“When the cost of fuel goes up, we can only budget for what we think the cost is going to be . . . and it’s eating up quite a bit of our budget,” he said.
Burbank spent $1.3 million on 400,000 gallons of fuel, mostly unleaded, for its fleet of vehicles, said Paul Herman, purchasing manager for the city.
The city is budgeting for a 20% increase in fuel costs for next fiscal year, he added.
It’s a relative drop in the bucket for a city that spent about $250 million this fiscal year, but rising fuel costs can have an indirect impact on everything from building materials to electricity, effecting a more substantial hit to Burbank’s bottom line, Herman said.
With no end in sight for rising fuel costs, both cities are continuing to push for more fuel-efficient fleets.
While some vehicles, like refuse trucks, which both cities say get about 2.8 mpg, are necessarily large, others can be downsized, city officials said.
Errands between city departments have been consolidated, field positions that don’t require any heavy-duty work get smaller cars, Omessi said.
“We’re just very, very streamlined,” he said. “If we can get someone into a smaller Civic-type vehicle, we’re certainly going to do that.”
Of the roughly 1,200 city-owned vehicles in Glendale, 350 belong to public works — the largest number for a single department.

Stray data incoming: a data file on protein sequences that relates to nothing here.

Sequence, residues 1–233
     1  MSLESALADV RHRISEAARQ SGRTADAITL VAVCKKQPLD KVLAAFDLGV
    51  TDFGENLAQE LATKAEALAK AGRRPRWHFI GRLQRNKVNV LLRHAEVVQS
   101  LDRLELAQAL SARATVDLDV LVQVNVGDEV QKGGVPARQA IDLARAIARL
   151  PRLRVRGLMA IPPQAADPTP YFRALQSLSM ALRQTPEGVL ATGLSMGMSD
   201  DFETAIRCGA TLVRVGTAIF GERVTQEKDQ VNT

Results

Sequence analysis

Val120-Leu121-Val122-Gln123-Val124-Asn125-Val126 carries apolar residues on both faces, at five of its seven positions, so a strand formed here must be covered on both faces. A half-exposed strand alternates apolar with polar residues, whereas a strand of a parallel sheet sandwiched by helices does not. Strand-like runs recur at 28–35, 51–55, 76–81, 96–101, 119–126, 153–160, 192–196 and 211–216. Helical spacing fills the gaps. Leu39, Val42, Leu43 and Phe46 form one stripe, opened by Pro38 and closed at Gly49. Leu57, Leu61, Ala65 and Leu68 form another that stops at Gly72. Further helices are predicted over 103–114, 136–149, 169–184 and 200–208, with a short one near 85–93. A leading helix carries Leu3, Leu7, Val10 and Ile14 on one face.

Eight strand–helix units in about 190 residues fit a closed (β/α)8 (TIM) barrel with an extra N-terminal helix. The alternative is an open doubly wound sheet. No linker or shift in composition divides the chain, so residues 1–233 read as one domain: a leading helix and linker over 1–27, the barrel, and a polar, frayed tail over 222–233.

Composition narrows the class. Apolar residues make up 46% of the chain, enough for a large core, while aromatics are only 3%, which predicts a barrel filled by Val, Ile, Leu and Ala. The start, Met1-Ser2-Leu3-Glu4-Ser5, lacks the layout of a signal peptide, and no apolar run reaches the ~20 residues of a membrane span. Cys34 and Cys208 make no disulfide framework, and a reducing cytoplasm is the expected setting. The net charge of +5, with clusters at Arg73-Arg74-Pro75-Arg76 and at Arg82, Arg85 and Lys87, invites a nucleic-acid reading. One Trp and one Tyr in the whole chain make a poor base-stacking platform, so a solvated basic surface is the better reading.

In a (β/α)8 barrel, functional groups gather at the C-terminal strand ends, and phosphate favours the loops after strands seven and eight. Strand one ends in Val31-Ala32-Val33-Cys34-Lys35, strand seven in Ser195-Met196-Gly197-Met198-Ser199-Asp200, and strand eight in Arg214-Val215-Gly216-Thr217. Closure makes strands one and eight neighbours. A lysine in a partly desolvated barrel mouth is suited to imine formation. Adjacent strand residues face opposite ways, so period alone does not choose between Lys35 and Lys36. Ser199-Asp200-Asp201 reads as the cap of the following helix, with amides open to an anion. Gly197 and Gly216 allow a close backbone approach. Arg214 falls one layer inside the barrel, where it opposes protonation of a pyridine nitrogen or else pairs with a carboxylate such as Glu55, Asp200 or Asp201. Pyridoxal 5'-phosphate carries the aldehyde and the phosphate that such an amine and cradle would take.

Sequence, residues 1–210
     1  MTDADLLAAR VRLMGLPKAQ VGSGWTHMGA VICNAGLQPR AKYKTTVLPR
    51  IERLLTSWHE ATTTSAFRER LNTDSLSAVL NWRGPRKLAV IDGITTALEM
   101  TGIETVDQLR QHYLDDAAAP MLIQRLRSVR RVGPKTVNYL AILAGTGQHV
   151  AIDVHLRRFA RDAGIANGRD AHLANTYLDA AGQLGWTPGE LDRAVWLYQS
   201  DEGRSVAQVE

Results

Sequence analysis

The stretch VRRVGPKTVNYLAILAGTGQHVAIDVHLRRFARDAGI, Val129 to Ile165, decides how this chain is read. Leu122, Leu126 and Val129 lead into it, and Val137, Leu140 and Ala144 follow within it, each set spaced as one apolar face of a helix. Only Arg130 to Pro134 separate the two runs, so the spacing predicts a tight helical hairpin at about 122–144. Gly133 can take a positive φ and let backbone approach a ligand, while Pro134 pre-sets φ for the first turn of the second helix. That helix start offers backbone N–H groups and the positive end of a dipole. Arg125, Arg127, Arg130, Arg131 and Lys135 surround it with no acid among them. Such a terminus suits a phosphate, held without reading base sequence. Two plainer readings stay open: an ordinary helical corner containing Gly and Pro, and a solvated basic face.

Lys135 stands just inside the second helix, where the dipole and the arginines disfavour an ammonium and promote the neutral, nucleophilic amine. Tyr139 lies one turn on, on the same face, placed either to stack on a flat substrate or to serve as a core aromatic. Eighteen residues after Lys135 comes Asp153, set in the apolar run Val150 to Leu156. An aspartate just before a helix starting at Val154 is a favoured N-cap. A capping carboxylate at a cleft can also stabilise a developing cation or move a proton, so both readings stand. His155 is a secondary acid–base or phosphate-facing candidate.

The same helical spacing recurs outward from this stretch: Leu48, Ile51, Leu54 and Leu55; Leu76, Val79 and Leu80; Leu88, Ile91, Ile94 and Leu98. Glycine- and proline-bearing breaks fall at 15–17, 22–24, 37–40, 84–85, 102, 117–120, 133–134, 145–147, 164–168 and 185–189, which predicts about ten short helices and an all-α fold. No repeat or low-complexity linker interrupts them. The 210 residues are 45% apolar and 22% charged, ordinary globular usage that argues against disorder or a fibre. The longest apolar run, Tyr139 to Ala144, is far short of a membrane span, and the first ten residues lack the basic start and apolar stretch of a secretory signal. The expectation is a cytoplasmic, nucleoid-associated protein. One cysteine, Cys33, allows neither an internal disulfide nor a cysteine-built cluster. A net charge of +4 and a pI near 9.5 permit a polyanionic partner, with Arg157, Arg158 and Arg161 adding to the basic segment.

Many of those vehicles, like refuse trucks and street sweepers, run on diesel, which has doubled in price since last year.
Even with the tax breaks that cities get on fuel purchases, Glendale Public Works Director Steve Zurn is buying diesel at $4.52 per gallon, far more than the $2.90-per-gallon price for the same period last year, he said.
“We didn’t anticipate that much of an increase,” Zurn said. “It’s really troubling.”
This fiscal year, public works vehicles consumed 400,000 gallons of diesel. At the current diesel price, that’s $1.8 million.
As of Thursday, the average price per gallon of diesel was $5.13, slightly below the record set last week.
The average price for regular-grade unleaded gasoline was $4.61 per gallon, 1 cent below the record, according to the Automobile Club of Southern California.
Matching fuel-efficiency and size with functionality and the demands in the field can be a challenge, with relatively fewer hybrid options on the market, Zurn said.
The Ford Escape, Toyota Prius and Honda Civic hybrids remain the go-to “green” cars when possible for the two cities, but more heavy-duty options are scarce, city officials said.
“We’re talking to all our drivers about conservation,” Zurn said.